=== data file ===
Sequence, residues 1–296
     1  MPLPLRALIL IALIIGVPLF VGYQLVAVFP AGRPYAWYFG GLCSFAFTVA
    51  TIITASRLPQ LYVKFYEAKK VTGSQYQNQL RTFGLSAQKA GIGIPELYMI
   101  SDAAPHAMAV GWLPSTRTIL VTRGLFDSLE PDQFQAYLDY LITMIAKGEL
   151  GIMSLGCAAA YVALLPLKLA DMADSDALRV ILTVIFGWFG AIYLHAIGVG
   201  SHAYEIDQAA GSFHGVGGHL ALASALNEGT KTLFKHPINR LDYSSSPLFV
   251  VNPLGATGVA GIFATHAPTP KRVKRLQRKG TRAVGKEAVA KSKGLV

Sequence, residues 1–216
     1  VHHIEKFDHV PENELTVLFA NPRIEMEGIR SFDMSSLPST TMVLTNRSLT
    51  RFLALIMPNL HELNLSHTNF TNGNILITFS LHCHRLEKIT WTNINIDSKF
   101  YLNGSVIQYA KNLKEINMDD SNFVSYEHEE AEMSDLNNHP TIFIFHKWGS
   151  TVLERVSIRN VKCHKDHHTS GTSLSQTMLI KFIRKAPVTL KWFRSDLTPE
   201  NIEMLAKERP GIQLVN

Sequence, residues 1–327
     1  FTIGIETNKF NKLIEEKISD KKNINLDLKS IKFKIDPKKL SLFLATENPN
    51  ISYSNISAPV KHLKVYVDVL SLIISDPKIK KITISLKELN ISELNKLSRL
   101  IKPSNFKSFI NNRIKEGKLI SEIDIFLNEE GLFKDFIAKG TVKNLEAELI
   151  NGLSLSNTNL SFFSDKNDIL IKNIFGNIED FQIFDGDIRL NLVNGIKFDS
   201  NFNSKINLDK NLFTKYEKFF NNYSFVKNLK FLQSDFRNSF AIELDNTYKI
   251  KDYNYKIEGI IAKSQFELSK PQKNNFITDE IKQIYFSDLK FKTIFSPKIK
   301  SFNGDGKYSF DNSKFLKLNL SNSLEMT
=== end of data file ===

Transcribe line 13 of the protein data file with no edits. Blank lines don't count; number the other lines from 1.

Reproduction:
   201  NIEMLAKERP GIQLVN